Sunday, 22 September 2013


I’m trying to persuade my husband to be as enthusiastic about our impending new home as me and Eleanor.  In an effort to instil a sense of excitement, I took him along to see how the house was progressing.  As we drove through the electric gates (well, they will be when the electricians do their magic), I felt a thrill ripple through me.  I sneaked a sideways glance at my husband.  His mouth was set in a grim line.
          ‘Doesn’t the setting look fab!’ I trilled.
          No response.
          I parked the car, and had barely opened the driver’s door when Mr V was out and striding off, head rotating 360 degrees as he took in the surroundings.  A ferocious looking builder with a Polish accent materialised from nowhere and demanded to know what we wanted.
          ‘Um, we’re buying Plot 129,’ I said nervously.  ‘Any chance of looking inside?’
          The builder was instantly all smiles.  ‘In you go,’ he gestured with one hand, ‘and ignore mess.  Soon it be perfect.  No worries.’
          ‘I’m sure it will be,’ I gushed, resisting an urge to bow and scrape.  After all, I didn’t want him doing a dodgy job on the place.  No wonky light switches or leaking showers thank you very much.
          Mr V stepped over the threshold, into a hallway littered with paint pots and strode straight through to the lounge.  A pile of workmen’s paraphernalia was positioned where I was roughly envisaging a coffee table.
          ‘It’s certainly coming along,’ I said and gave my husband an encouraging smile. His mouth remained in the same grim line.  ‘And look at the kitchen!’ I waved a hand expansively at bubble wrapped units.  ‘Quartz worktops!  And a built-in microwave.  And a fridge where the door shuts properly.  And a decent sized freezer, and–’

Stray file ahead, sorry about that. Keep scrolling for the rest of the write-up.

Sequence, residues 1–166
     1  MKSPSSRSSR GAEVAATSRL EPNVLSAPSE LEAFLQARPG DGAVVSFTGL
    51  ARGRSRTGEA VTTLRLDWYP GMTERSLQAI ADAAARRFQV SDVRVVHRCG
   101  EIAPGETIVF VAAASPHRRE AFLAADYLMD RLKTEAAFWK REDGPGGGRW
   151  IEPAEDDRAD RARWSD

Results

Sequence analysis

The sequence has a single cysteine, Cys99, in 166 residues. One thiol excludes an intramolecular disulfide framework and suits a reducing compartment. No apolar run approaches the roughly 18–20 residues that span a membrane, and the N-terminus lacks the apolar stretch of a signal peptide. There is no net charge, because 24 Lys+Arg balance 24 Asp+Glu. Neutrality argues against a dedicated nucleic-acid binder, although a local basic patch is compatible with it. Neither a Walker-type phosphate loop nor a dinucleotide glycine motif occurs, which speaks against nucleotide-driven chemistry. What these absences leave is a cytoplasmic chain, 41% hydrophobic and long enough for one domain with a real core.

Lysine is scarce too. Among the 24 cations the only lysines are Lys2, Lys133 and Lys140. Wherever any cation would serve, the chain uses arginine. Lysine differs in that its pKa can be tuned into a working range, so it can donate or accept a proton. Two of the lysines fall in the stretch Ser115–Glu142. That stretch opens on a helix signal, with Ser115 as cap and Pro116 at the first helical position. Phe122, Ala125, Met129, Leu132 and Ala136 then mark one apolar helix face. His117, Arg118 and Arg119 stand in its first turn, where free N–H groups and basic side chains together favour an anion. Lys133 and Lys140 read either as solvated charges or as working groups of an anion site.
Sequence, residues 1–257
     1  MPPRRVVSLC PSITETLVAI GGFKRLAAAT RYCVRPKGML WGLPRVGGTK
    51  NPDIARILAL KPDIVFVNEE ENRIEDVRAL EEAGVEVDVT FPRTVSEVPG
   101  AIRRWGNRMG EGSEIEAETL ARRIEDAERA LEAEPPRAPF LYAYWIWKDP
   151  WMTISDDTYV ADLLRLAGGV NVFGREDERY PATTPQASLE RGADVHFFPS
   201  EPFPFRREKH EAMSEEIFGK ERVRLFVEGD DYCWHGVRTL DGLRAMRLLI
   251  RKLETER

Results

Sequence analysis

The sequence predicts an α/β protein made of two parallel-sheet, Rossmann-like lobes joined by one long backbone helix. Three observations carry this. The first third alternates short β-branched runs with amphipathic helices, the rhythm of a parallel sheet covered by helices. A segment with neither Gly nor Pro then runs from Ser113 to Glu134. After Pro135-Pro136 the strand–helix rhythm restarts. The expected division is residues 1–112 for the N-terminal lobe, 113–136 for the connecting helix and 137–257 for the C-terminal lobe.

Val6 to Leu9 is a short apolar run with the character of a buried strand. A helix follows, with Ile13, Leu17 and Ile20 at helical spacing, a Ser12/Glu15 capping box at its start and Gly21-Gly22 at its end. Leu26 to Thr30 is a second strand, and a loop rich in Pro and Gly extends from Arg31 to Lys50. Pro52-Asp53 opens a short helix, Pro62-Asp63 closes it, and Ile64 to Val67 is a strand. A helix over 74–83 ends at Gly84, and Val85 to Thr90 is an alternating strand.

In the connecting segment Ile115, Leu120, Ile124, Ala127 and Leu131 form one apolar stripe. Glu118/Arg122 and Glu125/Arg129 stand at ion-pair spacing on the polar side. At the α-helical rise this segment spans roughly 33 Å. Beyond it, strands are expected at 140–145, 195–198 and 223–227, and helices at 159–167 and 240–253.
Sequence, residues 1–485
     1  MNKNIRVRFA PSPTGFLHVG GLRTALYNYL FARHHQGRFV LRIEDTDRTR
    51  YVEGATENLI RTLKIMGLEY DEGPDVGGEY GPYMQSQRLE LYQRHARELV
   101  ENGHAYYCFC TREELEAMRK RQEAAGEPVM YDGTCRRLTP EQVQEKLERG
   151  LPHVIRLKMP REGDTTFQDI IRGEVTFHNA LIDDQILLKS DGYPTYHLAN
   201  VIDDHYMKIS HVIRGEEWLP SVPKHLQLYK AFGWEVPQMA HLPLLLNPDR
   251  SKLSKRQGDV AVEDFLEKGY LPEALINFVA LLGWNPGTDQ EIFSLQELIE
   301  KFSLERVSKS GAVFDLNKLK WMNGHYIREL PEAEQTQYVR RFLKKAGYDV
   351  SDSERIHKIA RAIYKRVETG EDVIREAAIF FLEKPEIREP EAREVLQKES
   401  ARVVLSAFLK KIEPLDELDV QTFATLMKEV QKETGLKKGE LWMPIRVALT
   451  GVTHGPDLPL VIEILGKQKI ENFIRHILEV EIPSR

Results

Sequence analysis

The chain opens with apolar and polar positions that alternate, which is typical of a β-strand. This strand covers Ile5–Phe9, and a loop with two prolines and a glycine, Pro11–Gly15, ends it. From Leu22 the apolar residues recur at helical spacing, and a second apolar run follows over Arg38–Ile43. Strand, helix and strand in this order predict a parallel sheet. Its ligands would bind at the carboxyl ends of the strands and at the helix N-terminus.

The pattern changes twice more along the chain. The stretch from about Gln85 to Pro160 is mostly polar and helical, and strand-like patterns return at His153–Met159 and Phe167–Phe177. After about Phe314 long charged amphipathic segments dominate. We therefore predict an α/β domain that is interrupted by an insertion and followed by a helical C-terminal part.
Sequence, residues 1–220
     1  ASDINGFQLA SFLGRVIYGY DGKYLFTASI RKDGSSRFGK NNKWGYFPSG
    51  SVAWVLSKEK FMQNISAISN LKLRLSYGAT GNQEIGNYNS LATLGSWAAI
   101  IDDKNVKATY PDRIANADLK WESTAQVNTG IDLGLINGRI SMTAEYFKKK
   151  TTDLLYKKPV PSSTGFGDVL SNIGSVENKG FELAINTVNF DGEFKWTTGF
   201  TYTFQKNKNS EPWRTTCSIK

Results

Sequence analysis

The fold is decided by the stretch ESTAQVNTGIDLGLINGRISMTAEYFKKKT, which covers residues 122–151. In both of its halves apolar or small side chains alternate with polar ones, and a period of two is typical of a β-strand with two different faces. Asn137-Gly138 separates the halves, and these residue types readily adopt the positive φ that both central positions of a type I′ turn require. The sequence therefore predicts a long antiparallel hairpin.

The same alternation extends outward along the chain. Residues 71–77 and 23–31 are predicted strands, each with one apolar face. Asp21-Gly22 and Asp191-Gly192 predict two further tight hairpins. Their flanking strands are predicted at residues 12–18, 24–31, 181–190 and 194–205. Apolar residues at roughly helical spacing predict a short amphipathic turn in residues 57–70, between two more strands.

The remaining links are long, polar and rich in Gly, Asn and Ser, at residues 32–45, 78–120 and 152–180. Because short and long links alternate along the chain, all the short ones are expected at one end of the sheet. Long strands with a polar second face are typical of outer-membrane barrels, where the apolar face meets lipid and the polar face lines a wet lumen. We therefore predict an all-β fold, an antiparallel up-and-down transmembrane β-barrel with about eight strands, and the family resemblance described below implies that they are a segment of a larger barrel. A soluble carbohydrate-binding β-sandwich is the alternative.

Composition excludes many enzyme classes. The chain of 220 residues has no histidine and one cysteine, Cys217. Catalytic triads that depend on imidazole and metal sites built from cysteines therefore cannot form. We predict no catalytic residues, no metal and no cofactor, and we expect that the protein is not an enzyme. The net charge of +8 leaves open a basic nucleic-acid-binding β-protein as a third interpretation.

But I’d lost my audience.  My husband was taking the bare wooden stairs two at a time.  I scampered after him.  On the first floor a sink was in my son’s future bedroom.  In the master bedroom lay the emersion heater.  I poked my head around the en-suite bathroom.
          ‘Tiling looks beautiful,’ I purred.  But Mr V was off again up the next flight of stairs and ducking under a precariously placed ladder.  The loft room will be ours.  The skylights look out upon nearby Grade II listed buildings, recently renovated and displaying a skyline of chimney pots, roof terraces, wrought iron balconies and gables.  ‘When I’ve finished revamping my bureau, it’s going to be placed just here so I can look out on all that,’ I gestured, ‘while writing.’
          Mr V gazed at me, his face expressionless.  Suddenly he was off again, clattering down the two flights of stairs and out into the newly landscaped grounds.  Dismayed, I dawdled after him.  My husband has been the same every time we’ve moved house.  Even when moving to our current house – a move he was more enthusiastic about than me – when it came to The Big Day he was having the jitters.  ‘Are we doing the right thing, Debbie?  Have we made a financial bind for ourselves?  What if it’s all a monumental mistake?’
          When my husband moves into a house, he’s like a sapling putting down roots.  And when it’s time to move on, it’s like trying to fell an oak.  I caught up with him and, together, we got into the car.
          ‘You really don’t want to move here, do you?’ I gazed ahead at all the beautiful mews houses behind an avenue of freshly planted trees.  Trees that, even as I stared, were no doubt putting down their roots.  Finding their new home.
          My husband gave a huge sigh.  ‘I’m moving here for you.’
          ‘It’s a stop gap,’ I shrugged.  ‘Two or three years.  As soon as Eleanor has flown the nest, and then we’ll move again.  To your beloved Penshurst.’
          Mr V nodded.  ‘Come on.  Let’s drive to John Lewis.  We’ll look at house stuff.’
          I put the key in the ignition and started the engine up.  I have no doubt that when the time comes to move to Penshurst my husband will be resisting all over again.  Oak trees are difficult to shift.
          Which reminds me, what’s the difference between an oak tree and a tight shoe?  One makes acorns, the other makes corns ache...       

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